Thursday, February 11, 2010

Posted by cendol

Debuting at Cannes, this screening was the North American premiere. The theatre was full of festival attendees and rows of Blackberry, Bell, and AMC sponsorship employees. But once the lights dimmed and the movie began, all that went away and Amenábar encompassed us in the city of Alexandria. A woman, the daughter of the head of the glorious library holding mankind's history, Hypatia, played nicely by Rachel Weisz, is the voice and teacher for a new generation of Egyptians. It is a mixed group of those still believing in the Gods, (pagans), and the new Christian contingent, being persecuted while also persecuting as well. Hypatia looks past all that, refusing to align herself with a religion, instead utilizing science itself as her philosophy's backbone. Teaching and comprehending the world as heliocentric, attempting to grasp at the idea of gravity many, many years before its discovery to allow for a geocentric model, it all derails once bigotry prevails. The agora becomes a scene of Christians throwing fruit at the statues of the Gods, an offense that the pagans must meet with retribution. It all turns into a fight that exposes the infinite number of Christians living in the city. All those who hid their beliefs expose themselves for the battle, eventually driving the pagans back into the library to await word from the prefect on what's to be done for a truce.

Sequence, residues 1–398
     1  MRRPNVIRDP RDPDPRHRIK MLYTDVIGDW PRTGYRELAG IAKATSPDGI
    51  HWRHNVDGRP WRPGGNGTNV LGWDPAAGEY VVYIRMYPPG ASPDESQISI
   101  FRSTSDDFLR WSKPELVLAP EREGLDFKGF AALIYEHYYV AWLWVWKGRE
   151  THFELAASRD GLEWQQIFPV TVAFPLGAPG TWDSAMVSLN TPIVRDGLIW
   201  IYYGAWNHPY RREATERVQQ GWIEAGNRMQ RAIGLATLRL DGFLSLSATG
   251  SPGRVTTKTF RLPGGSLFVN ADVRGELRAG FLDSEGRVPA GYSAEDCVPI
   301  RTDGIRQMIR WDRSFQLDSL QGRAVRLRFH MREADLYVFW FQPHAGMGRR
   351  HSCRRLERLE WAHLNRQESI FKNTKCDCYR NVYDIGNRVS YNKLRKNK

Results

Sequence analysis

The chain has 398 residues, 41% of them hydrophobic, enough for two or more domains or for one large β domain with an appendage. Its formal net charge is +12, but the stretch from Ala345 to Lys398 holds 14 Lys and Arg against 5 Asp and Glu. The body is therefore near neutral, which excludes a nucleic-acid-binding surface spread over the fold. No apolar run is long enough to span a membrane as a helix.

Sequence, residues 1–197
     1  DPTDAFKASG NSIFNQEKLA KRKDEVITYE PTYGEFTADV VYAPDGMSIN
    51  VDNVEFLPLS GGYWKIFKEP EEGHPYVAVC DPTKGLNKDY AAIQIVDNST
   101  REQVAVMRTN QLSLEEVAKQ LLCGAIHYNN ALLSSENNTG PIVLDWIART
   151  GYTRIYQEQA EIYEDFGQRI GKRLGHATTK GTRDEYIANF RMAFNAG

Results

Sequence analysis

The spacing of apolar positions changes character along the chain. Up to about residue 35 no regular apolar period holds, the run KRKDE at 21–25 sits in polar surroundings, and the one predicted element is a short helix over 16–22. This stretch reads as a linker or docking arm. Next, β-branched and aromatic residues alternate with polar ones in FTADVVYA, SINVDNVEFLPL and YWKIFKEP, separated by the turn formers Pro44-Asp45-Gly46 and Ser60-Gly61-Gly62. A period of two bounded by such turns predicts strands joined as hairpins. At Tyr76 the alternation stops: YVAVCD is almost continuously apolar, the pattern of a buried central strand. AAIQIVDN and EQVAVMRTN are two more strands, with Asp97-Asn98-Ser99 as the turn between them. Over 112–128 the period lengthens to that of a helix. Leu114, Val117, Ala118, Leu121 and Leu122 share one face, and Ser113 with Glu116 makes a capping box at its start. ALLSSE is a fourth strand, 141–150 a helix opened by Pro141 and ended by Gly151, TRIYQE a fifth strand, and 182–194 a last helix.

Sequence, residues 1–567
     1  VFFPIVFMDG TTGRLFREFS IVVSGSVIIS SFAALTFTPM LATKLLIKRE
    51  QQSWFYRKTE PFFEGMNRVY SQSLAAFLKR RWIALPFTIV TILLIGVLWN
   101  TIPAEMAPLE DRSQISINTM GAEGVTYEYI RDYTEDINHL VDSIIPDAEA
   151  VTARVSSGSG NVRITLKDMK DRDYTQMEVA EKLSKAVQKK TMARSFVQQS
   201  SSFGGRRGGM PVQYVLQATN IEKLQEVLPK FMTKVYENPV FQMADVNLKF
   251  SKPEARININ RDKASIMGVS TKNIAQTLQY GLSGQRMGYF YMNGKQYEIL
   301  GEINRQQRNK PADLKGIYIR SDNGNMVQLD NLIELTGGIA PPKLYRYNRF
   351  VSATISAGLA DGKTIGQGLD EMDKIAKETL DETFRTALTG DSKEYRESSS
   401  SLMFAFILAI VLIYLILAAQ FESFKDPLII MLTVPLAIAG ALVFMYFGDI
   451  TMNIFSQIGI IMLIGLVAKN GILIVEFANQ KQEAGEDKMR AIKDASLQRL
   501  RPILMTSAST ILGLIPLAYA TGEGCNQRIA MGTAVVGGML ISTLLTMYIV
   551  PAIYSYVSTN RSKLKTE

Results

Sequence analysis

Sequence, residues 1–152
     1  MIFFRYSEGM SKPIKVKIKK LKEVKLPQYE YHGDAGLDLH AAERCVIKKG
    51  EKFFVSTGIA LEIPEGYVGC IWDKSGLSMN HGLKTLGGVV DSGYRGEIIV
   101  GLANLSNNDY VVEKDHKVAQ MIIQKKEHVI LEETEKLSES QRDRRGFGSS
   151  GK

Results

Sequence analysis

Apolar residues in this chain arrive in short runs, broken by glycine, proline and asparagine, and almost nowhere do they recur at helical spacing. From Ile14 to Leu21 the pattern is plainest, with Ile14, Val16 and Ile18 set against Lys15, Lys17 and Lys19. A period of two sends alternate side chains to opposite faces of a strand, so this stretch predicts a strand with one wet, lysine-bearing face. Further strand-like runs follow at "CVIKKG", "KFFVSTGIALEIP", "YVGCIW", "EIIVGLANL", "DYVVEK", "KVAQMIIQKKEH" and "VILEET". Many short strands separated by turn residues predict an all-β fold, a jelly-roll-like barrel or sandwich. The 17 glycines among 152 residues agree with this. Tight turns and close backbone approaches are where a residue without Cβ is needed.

The fight is epic in scope and execution—a mass of humanity fighting friends in the streets. Amenábar has no fear in showing the brutality and intimacy of the war. We see overhead shots of people running around like ants, but also close-up views of the men engaging with each other, taking it as personally as possible. When a man's slave must reconcile his duty to his master and that to his God, the pain and conflict is etched on his face. Screaming, "I'm a Christian!" and then going over to beat the man he served, epitomizes the event completely. You could argue that the fighting scenes overshadow the rest in effectiveness and you would be right. The scenes of government, school, and scientific research do become second fiddle to the hostility brewing underneath the surface, as they are somewhat generic and not too original as far as historical biographies go. They are a necessity, though, to give the audience a jumping off point as to why both factions feel the need to disagree and prove their superiority. Just wait for the second half—after a clumsy transitional time jump—where most pagans have become Christians themselves in order to survive in the new rebuilt Alexandria. It now becomes a war between them and the Jews, fighting for equality in a government ruled by one of Hypatia's former students, Oscar Isaac's Orestes, a newly made Christian, yet educated by a woman … blasphemy indeed.




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